U.S. District Judge Roger Benitez called the ammunition background check law “onerous and convoluted” and “constitutionally defective.”

A federal judge on Thursday blocked a California law requiring background checks for people buying ammunition, issuing a sharply worded rebuke of “onerous and convoluted” regulations that violate the constitutional right to bear arms.

U.S. District Judge Roger Benitez in San Diego ruled in favor of the California Rifle & Pistol Association, which asked him to stop the checks and related restrictions on ammo sales.

“The experiment has been tried. The casualties have been counted. California’s new ammunition background check law misfires and the Second Amendment rights of California citizens have been gravely injured,” Benitez wrote in a 120-page opinion granting the group's motion for a preliminary injunction...

...While it is intended to keep ammunition from criminals, it blocked sales to legitimate, law-abiding buyers about 16% of the time, he wrote. Moreover, he ruled that the state's ban on importing ammunition from outside California violates federal interstate commerce laws.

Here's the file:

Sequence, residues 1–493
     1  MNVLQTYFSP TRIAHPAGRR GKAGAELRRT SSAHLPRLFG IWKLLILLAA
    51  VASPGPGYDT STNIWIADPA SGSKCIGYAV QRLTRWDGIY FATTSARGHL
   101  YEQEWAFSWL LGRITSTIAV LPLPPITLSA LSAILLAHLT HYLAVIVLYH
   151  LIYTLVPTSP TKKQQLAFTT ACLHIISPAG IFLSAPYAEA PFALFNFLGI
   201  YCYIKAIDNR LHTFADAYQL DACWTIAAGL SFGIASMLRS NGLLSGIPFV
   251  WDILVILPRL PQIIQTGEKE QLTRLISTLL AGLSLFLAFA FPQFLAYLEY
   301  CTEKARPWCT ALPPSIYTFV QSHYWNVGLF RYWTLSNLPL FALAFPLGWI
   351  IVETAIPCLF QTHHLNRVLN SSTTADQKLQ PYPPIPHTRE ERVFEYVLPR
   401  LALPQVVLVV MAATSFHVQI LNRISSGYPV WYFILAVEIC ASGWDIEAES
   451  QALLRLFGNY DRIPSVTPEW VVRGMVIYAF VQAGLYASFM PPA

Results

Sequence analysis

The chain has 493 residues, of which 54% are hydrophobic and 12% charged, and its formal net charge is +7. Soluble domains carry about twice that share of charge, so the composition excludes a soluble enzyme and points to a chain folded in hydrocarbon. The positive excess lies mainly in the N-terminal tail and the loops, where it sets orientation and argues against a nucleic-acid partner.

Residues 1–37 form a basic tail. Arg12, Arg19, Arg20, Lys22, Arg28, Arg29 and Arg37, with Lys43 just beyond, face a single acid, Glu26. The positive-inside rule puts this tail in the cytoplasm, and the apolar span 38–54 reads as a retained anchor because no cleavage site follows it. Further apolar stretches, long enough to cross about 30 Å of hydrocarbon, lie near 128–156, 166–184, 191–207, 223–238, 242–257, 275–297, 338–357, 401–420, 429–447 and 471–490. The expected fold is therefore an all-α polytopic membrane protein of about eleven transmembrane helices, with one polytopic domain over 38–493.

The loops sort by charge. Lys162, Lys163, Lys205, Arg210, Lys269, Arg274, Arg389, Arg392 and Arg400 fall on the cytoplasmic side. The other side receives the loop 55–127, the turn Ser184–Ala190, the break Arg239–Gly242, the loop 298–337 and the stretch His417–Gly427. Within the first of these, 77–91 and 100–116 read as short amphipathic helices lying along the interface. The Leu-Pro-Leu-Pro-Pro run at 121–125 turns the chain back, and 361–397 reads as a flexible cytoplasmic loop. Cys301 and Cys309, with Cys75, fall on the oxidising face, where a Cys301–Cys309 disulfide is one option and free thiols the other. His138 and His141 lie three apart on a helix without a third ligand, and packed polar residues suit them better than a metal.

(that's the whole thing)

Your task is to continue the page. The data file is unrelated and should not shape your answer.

Good- that law is in no wise different from the "abortion safety" and "voting safety" laws Republicans love, and its ultimate demise can't come soon enough.

Posted by friendly_iconoclast | Fri Apr 24, 2020, 08:22 PM (28 replies)

Those who *still* won't vote for Biden are making 'Farquaad's Sacrifice'

Posted by friendly_iconoclast | Mon Apr 13, 2020, 08:02 PM (8 replies)

Partners Tells Employees No Hazard Pay During Coronavirus Pandemic


BOSTON (CBS) – Partners HealthCare has told its employees they will not receive hazard pay during the coronavirus pandemic, WBZ-TV’s I-Team has discovered.

The I-Team obtained a copy of an email sent out to employees which said that “A core part of our mission is that we deliver the same high-quality care to all patients without regard to the type or severity of their condition. Similarly, we do not calibrate pay and benefits based upon the patients’ condition and for this reason we do not offer hazard or crisis pay.”